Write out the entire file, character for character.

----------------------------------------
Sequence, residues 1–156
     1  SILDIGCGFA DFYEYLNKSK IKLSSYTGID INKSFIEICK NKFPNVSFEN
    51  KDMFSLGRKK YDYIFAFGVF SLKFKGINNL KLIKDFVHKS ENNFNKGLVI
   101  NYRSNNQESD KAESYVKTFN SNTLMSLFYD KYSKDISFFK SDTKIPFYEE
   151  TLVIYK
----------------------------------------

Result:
Sequence, residues 1–156
     1  SILDIGCGFA DFYEYLNKSK IKLSSYTGID INKSFIEICK NKFPNVSFEN
    51  KDMFSLGRKK YDYIFAFGVF SLKFKGINNL KLIKDFVHKS ENNFNKGLVI
   101  NYRSNNQESD KAESYVKTFN SNTLMSLFYD KYSKDISFFK SDTKIPFYEE
   151  TLVIYK